In comments to the FDA on its nutrition innovation strategy AND said the agency “should consider whether, taken as a whole, such labels, images or claims are misleading or deceptive, and should use its full range of regulatory options, including enforcement, as well as developing new clarifying guidance or regulations where needed.”
AND’s comments – which follow a wave of lawsuits accusing brands of marketing fruit themed products that are “essentially candy” as “nutritious and healthful” – draw attention to so-called ‘permission marketing,’ in which a “health halo is intentionally created to make food and beverages appear more healthful than they are."
“Specifically,” said AND (the nation’s largest organization of food and nutrition professionals) “consumers should not be misled that processed foods touting images of fruits and vegetables are actually adequate dietary substitutes for fresh fruits and vegetables.
“For this reason, it is critical that the FDA’s initiative should seek to correct misleading or inaccurate labeling claims and should not enable unhealthy foods to unfairly compete with fresh fruits and vegetables, which occupy too little space in Americans’ diets.”
"Consumers should not be misled that processed foods touting images of fruits and vegetables are actually adequate dietary substitutes for fresh fruits and vegetables..."
Academy of Nutrition and Dietetics
‘Healthy’ logo should not appear on fruit snacks and sugary cereals
Moreover, foods that contain fruits or vegetables that are not in their whole or cut form (eg. powders, concentrated fruit juice, purees) should count towards the amount of fruit in the declaration, argued AND.
While a ‘healthy logo’ – something currently being considered by FDA commissioner Dr Scott Gottlieb – has potential, it should not appear on fruit snacks, sugary cereals and desserts, potato chips, pretzels and crackers high in refined grains, “and other unhealthy or merely ‘not-unhealthy’ foods and beverages,” added AND.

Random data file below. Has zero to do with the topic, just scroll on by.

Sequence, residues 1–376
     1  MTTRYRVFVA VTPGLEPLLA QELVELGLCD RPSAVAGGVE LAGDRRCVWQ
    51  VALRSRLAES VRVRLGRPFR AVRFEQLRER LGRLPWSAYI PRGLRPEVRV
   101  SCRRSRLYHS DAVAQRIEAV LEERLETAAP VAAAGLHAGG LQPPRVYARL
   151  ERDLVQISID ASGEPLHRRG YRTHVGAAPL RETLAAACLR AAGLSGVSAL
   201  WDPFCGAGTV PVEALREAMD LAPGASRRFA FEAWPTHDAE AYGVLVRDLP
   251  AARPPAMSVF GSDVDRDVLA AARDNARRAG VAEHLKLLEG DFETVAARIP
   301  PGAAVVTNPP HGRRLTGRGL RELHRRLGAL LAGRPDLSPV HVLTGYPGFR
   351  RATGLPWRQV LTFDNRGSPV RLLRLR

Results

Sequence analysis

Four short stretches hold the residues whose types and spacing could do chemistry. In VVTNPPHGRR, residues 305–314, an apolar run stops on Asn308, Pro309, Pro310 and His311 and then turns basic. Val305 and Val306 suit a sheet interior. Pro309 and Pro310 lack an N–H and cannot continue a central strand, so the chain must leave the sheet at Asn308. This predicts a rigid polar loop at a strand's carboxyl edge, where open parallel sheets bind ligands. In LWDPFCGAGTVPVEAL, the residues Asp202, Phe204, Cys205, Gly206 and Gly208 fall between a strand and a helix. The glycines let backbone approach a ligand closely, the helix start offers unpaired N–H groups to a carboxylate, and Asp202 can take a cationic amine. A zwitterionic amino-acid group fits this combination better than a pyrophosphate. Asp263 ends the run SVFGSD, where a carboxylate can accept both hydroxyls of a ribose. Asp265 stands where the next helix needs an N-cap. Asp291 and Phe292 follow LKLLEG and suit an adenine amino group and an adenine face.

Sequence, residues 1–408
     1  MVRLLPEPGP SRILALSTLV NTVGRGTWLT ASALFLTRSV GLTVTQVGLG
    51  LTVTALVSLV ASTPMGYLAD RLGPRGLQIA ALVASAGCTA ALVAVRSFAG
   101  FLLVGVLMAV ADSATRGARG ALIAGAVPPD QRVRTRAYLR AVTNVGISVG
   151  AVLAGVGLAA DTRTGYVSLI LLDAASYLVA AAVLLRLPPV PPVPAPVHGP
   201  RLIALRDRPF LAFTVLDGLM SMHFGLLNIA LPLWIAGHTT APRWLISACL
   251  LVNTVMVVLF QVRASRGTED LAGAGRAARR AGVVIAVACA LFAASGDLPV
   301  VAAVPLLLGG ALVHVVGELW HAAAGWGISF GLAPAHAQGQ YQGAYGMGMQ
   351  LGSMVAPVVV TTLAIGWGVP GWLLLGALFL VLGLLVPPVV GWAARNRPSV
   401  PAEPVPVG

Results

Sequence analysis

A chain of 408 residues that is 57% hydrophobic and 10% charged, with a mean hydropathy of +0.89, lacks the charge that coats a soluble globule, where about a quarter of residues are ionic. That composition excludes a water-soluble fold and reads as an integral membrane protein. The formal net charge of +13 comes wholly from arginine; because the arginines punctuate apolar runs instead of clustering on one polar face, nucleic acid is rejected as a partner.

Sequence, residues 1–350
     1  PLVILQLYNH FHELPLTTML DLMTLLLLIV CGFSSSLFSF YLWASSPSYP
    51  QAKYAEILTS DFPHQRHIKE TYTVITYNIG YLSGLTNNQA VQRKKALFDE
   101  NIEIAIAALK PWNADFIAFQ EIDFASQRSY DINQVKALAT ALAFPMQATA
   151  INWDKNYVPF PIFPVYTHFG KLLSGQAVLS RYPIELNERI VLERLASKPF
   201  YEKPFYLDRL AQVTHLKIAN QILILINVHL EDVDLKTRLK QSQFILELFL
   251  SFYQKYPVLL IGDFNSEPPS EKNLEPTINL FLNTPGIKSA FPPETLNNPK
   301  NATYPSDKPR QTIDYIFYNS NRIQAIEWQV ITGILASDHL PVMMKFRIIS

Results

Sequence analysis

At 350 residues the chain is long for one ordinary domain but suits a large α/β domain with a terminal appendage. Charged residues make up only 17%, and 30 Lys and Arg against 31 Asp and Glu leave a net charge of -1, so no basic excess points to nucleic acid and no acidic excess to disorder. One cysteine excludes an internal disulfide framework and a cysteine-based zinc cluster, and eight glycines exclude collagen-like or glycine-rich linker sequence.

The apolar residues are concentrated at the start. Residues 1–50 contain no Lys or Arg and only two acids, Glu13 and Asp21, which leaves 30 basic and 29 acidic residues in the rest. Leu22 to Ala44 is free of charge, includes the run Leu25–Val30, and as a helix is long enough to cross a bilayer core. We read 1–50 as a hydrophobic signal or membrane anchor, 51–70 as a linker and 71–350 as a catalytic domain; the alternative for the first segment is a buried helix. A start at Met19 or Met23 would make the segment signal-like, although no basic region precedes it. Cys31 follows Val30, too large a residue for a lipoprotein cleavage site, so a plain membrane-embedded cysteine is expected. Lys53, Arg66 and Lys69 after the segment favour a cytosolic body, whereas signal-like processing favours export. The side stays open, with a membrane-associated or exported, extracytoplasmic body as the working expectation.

FDA should define ‘low sugar’
Finally, the FDA should also issue regulations or take enforcement actions to define use of the term ‘low sugar’ – which currently has no legal definition - as a nutrient content claim, said AND, which noted that some products deploying claims such as ‘lightly sweetened’ contained “as much as 20g sugar, or 40% of the daily value for added sugars.”
Many of its points were echoed by the Center for Science in the Public Interest (CSPI), which argued that any definition of ‘healthy’ should include limits on added sugars.
The Sugar Association: Are we replacing one nutritional bogeyman with another?
The Sugar Association however, expressed fears that one nutritional bogeyman (fat), is simply being replaced by another (sugar), despite the fact that “added sugar consumption has been on a significant decline for the past 20 years.”
It added: “FDA’s single ingredient focus does a disservice to the public. It only adds additional fuel to the oversimplified and long-standing trend of having a different nutritional ‘villain’ each decade.”
Other commentators meanwhile, encouraged the agency to allow firms to label vitamins on the ingredients list with consumer friendly names such as vitamin C (instead of ascorbic acid), with the GMA noting that “current naming requirements for letter vitamins differs between the nutrition facts panel and the ingredient declaration depending on the vitamin.
“On the nutrition facts panel, in some instances, the letter name only is required (vitamins A, B6, B12, C, D, E, K). In other instances, the common and usual name, most often a chemical name, is required (niacin, pantothenic acid).
“The ingredient declaration requires vitamins to be listed by their common and usual name, whereas the nutrition facts more commonly allows letter vitamins. This inconsistency is confusing.”
Conagra Brands: Demand for clean labels is having unintended nutritional consequences
ConAgra Brands in turn urged the FDA to allow firms to state ‘enriched wheat flour’ on the ingredients list without having to list the chemical-sounding names of the things it has been enriched with in brackets afterwards.
Indeed, the demand for short, clean labels is having “the unintended consequence of manufacturers using unenriched flours to achieve shorter, more understandable ingredients lists,” said the company.
- Read more stakeholder comments on the FDA's nutrition innovation strategy HERE.